The appropriate response of the new government to this forthcoming report is thanks, but no thanks - there needs to be a more fundamental review of the role of local government. Local government has resisted year in year out the drive for lower taxes, and rode on the back of property price increases to increase rates beyond inflation. It is time to say no to a big Auckland council, and consider instead something else as a first step. Why does Auckland need two layers of local government?

Oh and if you think I'm wrong, note this part of the report "the commission will almost certainly recommend the mayor and new council become more involved in the social needs of the region, such as affordable housing".

Get it? You vote out a leftwing central government and you can watch one get elected locally - and you know who will be forced to pay for it.

I can only hope the Minister for Local Government can see this for what it is - a report commissioned by the last government which should be destined as a door stop.

4 comments:

Lindsay said...

Just wondering however about the duplication of roles, processes and services. I would have thought that in the Wellington region, for instance, we have too many councils, regional and local.

An opinion piece in yesterday's Herald also springs to mind;

"The differences between council processes can be vastly different. I've worked with one council which had a town planner authorised to make decisions. Another council only allowed a committee to make decisions while a third used big city consultants who made recommendations to a committee.

The town planner could give you a straight answer, the second council's staff shied away from giving any answers, and the consultants for the third council would be the ones asking superfluous questions.

The result of such disparity in accountability by the three councils is inconsistency of decision-making, a lack of transparency and increased risks. Time, cost and quality are the victims."

Isn't there a case to find the best performer and streamline?

BTW have you driven through Levin any time lately? They have a massive, new, state-of-the-art council building. Makes me feel ill. (Although I did see an official from therein recently stating that the council would not be banning the use of vehicles on beaches.)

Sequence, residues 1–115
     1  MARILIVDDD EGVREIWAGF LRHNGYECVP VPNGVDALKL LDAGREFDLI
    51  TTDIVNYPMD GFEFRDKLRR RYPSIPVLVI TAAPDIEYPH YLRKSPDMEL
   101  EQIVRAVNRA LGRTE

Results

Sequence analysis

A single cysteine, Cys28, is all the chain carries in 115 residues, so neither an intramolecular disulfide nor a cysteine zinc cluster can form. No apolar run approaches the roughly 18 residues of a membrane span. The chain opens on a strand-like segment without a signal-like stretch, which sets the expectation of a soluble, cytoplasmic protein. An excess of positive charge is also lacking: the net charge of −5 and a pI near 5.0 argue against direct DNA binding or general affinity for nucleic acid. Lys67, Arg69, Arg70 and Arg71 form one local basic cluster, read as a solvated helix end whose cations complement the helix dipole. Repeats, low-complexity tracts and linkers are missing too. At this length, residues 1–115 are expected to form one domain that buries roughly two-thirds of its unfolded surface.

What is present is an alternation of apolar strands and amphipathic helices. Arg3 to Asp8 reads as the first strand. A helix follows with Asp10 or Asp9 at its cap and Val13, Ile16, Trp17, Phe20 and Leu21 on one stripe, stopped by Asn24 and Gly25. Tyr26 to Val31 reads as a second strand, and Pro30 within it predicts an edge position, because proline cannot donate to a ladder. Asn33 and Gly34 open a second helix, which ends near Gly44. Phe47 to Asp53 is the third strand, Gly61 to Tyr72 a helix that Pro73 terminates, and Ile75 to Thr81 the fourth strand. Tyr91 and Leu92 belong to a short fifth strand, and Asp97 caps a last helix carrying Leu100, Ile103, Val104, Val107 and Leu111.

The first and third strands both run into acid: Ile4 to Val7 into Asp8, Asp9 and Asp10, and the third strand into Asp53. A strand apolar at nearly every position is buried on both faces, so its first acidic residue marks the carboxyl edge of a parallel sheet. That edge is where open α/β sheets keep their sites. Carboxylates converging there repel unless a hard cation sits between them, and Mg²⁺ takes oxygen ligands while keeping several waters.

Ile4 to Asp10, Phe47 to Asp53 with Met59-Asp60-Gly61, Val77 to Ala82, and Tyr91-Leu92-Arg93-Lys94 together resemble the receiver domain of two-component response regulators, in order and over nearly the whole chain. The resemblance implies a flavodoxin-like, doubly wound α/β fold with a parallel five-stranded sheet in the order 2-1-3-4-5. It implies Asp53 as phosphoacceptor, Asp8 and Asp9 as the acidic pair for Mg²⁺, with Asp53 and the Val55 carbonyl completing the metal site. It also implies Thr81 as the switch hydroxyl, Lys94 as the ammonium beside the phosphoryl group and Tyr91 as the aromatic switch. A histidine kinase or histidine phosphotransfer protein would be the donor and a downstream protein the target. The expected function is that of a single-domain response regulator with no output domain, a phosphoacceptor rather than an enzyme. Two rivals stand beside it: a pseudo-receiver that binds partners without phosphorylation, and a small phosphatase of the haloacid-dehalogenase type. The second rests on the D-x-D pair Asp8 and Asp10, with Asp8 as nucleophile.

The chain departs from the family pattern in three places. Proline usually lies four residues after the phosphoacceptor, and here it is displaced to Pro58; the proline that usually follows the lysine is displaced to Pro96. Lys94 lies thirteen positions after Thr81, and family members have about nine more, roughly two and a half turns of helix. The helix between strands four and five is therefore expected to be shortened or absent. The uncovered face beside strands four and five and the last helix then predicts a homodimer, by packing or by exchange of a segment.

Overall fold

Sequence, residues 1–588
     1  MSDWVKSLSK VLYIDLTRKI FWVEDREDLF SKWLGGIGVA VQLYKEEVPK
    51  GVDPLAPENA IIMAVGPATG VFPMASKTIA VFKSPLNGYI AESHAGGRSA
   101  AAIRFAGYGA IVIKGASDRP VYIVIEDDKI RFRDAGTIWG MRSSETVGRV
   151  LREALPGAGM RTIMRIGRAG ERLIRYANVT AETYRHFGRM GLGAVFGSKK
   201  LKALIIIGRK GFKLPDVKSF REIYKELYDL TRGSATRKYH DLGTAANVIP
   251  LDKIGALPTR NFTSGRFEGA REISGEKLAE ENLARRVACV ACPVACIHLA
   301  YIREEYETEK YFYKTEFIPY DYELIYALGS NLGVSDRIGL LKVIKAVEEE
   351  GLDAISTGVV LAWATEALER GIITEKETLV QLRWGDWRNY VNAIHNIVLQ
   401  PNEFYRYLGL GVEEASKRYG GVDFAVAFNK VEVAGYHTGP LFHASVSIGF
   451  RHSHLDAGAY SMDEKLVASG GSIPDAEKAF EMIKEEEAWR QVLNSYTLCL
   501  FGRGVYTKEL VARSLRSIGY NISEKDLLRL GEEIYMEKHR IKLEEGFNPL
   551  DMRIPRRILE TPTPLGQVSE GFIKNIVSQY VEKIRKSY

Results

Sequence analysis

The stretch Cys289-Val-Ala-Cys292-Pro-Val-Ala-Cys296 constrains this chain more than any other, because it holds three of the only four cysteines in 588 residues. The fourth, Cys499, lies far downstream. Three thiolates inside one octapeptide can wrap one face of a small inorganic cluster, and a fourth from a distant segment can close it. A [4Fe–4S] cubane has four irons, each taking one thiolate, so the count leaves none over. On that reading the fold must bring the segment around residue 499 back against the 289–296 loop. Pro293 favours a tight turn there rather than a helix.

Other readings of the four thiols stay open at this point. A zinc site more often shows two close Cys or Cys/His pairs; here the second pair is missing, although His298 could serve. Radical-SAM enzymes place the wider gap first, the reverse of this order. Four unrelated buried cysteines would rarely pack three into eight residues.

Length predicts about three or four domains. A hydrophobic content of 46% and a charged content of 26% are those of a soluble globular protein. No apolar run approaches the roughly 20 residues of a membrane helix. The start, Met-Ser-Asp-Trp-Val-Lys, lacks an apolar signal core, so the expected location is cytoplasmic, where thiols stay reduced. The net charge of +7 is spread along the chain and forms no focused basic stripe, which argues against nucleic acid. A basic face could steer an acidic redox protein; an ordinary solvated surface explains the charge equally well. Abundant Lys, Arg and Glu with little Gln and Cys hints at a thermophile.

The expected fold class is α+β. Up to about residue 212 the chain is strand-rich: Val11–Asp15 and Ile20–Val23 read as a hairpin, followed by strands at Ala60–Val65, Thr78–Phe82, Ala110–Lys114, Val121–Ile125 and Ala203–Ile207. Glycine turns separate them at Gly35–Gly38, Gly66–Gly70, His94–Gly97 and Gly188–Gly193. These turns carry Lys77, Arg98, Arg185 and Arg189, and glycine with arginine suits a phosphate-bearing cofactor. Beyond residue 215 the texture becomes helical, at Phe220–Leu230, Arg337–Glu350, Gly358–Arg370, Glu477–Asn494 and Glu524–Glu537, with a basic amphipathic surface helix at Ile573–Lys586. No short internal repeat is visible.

libertyscott said...

Well you'd need another bureaucracy to figure out who was best - some are good at some things, some others. I know Wellington councils well enough to have some time for Wellington, none for Porirua, and limited regard for the Hutt councils. WRC is a mixed bag altogether, and the Wairarapa councils are run on a shoestring, and know it.

I avoided Levin :) only time I drive that way now is between Welly and Hawke's Bay, and SH57 is a delightful bypass :)

Anonymous said...

NZ is only 4 fucking million people. Why do we need "local government" at all? We don't.

There is nothing that local government does that cannot be managed better by private enterprise

Footpaths? They're only for losers and bludgers.
If people want fucking footpaths they can join the fucking footpath charity.

Why do we need any "town planners" at all. We have courts. It's my land, and I'll do what I want on it. Thank you very much. The sooner the rail system gets cut up for scrap; the sooner we stop pissing about with uneconomic busses and get rid of "social" housing (which just encourages more bludgers)

the better NZ will be

Anonymous said...

To see what a mega-council can do just look at how well Brisbane works.
The problem with Auckland and always has been the plethora of councils. This has been a problem for soooo long, getting people to vote themselves out of a job has proven to be very difficult.
I can't understand why you want to drag rail into it? The ARTA has only been dragging the NZ Government into playing "catch-ups". Now we've got a real world city and soon with electrification we'll have real trains thank christ.
The main problem being with rail in Auckland is that it doesn't serve enough of the catchment. I've done a little research into this prior to posting. Apparently the reason for this is the land for the lines was set aside - guess who sold it?